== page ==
he digital currency – a growing force in the global iGaming industry - was ruled to be a commodity by the Australian Taxation Office (ATO) last year, but a Senate Economics References Committee (SERC) review has followed the UK’s line by finding that Bitcoin should be treated like any other currency.
The definition of Bitcoin is important, not least as in Australia its adoption as a valid currency would make it exempt from the Goods and Services Tax (GST) and other taxes.
Senator Sam Dastyari, head of SERC, said: “It is a brand new and, frankly, very exciting technology – and Australia has a real opportunity to be a world leader. Digital currencies could revolutionise aspects of the payments industry, how we conduct financial transactions, or trade existing fiat currencies."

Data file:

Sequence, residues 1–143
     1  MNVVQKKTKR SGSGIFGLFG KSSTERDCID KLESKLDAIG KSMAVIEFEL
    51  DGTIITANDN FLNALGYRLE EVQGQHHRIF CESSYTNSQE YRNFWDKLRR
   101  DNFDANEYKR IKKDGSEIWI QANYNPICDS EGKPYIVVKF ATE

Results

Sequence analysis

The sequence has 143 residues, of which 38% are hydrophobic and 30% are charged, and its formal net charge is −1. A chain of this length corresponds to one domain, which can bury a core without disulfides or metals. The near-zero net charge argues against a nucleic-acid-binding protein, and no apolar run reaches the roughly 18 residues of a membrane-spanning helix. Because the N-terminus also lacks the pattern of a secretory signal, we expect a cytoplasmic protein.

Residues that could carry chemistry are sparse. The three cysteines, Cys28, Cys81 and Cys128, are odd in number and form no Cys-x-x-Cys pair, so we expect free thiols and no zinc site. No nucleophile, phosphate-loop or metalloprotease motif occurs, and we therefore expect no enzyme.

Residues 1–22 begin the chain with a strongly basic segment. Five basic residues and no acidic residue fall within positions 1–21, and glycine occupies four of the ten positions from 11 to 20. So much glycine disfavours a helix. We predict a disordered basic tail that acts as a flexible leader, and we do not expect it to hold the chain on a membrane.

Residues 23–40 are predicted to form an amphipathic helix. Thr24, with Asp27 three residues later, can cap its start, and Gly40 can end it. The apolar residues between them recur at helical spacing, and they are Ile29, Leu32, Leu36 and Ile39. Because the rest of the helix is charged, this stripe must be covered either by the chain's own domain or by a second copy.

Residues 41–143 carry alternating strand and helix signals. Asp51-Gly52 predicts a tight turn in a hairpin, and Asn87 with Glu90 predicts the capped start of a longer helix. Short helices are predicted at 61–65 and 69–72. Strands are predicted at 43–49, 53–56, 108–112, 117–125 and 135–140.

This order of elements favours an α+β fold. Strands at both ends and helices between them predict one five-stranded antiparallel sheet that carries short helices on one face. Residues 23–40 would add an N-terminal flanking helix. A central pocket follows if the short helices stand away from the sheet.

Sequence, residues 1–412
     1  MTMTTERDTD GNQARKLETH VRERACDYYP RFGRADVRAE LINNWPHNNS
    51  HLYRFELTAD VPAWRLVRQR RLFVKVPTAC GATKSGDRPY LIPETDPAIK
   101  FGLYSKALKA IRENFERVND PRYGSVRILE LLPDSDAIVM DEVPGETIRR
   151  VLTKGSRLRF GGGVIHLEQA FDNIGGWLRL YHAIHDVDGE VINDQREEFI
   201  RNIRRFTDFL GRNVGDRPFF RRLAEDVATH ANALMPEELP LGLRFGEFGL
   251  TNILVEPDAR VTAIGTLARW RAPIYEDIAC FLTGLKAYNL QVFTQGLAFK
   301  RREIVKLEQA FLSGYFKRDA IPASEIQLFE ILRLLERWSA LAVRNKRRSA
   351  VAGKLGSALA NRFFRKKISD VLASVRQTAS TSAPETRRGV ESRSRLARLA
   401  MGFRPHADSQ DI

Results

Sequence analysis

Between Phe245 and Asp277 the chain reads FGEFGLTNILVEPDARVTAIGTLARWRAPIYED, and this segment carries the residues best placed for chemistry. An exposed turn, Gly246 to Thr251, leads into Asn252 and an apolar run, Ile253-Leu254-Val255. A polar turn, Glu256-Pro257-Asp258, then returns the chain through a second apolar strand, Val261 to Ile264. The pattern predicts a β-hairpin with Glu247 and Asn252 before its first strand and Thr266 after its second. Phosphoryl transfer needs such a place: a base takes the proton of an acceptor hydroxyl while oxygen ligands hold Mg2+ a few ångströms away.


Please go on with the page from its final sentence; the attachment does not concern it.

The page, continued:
SERC has said that further investigation will be needed before Bitcoin can be fully regulated by the likes of the Royal Bank of Australia (RBA), something that major banks have indicated will be required before they consider offering customers the possibility of banking their digital currency.
SERC took submissions from dozens of interested parties, not least technology companies who felt that last year’s ATO would be hugely detrimental to themselves and their customers.
Bitcoin is already treated as “money or money’s worth” in the UK, with the Gambling Commission recently reminding operators that they must be licensed to trade via Bitcoin as with any other currency. However, in the US, the Internal Revenue Service has ruled for tax purposes, Bitcoin is property and not a currency.